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Alan Parker – The Road to Wellville (1994)

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In Welville, at Battle Creek, eccentric rich Dr. John Harvey Kellogg (a historical figure) runs a stylish health farm for the wealthy, an idea ahead of his time, based on extreme vegetarianism, neither sex, masturbation or even sensual stimulation, but laughing therapy and purging the ‘polluted’ body, mainly by exercises, often in open air, vicious diet, his invention corn flakes, laxatives, anal yogurt cure, enemas and brutal mechanical cleansing. Eleanor Lightbody drags her sickly, incredulous husband Will along to the therapy; the couple is almost immediately separated and getting horny for more available members of the opposite sex. Kellogs stubbornly willful adopted son (among over 30 kids) George is a filthy embarrassment, paid off just to stay away. Charles Ossining panics when arriving in Battle Creek he finds his aunt’s fortune made him partner in the empty shell- health food company Per-fo, not the planned corn-flakes factory; however with a former Welville-employee and George’s name they hope to get rich from their own cornflakes brand. When an electric therapy goes fatally wrong and several other patients die, Will’s incredulous reluctance turns to panic… Written by KGF Vissers (IMDB). Continue reading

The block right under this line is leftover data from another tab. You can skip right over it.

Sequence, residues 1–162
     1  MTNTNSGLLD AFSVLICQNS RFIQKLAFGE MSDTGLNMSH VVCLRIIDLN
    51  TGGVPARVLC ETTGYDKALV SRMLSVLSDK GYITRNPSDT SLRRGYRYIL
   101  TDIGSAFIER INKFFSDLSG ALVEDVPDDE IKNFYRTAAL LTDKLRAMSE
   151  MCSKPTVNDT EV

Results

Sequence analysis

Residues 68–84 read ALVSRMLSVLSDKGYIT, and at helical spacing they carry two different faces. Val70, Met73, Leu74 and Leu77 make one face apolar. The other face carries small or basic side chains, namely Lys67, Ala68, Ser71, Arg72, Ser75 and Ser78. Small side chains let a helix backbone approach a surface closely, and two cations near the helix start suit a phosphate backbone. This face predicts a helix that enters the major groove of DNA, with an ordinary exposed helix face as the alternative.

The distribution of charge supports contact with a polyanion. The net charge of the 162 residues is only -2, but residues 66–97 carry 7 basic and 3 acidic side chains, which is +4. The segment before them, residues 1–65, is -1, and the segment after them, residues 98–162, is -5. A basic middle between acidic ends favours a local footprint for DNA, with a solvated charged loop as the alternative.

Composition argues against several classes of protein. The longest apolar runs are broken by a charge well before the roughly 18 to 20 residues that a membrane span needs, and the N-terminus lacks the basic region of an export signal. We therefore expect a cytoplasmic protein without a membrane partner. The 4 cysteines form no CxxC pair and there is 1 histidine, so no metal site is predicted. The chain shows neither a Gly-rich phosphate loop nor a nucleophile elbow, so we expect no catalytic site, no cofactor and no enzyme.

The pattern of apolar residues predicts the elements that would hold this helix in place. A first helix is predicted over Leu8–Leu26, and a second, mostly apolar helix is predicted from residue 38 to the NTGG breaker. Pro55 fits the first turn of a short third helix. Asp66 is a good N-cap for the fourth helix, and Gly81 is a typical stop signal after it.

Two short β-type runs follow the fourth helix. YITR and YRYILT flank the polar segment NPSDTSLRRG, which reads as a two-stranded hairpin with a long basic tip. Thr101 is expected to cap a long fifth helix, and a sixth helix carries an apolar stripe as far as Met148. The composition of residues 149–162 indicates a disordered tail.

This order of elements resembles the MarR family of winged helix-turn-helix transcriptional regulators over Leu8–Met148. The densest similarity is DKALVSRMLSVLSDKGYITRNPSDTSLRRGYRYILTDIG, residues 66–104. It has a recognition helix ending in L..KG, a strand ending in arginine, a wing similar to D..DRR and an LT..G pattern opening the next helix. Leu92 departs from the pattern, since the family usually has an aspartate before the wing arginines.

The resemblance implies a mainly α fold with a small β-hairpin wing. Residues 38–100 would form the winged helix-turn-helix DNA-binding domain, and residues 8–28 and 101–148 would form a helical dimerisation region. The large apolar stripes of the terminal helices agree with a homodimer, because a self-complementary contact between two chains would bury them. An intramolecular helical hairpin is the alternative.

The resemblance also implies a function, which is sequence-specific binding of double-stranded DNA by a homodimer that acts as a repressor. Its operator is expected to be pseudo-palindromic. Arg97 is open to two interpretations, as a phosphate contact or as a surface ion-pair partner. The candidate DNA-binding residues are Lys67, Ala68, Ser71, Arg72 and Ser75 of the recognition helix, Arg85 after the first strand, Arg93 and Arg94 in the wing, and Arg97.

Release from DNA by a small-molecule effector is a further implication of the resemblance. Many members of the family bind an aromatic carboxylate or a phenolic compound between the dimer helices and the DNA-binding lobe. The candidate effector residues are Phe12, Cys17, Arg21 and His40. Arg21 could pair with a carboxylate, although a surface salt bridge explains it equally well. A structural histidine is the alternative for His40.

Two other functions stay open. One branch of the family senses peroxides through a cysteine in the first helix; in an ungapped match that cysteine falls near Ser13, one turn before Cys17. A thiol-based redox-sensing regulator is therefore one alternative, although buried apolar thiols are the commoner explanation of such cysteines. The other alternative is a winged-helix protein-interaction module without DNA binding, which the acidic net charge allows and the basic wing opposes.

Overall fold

Alan Parker – Shoot the Moon (1982)

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Quote:

All George Dunlap (Albert Finney) wants to do is to give his 13-year-old daughter a typewriter for her birthday. It is hardly the impossible dream; it isn’t even an unreasonable request. But George recently walked out on his wife Faith (Diane Keaton) and their four daughters, for all those vague but somehow imperative reasons for which people leave people these days, and Daughter Sherry (Dana Hill) is not buying any of them. Nor is she covering her confusion with forgiveness. Better just not to speak to the creep. When Faith tries to avoid a scene by keeping George out of their handsome old Marin County house, George breaks in and pounds up the stairs to confront his eldest. She fights off his blend of bewildered love and rage. He spanks her. She threatens him with a scissors. They end in a sodden tangle of bodies and emotions on her bed. Continue reading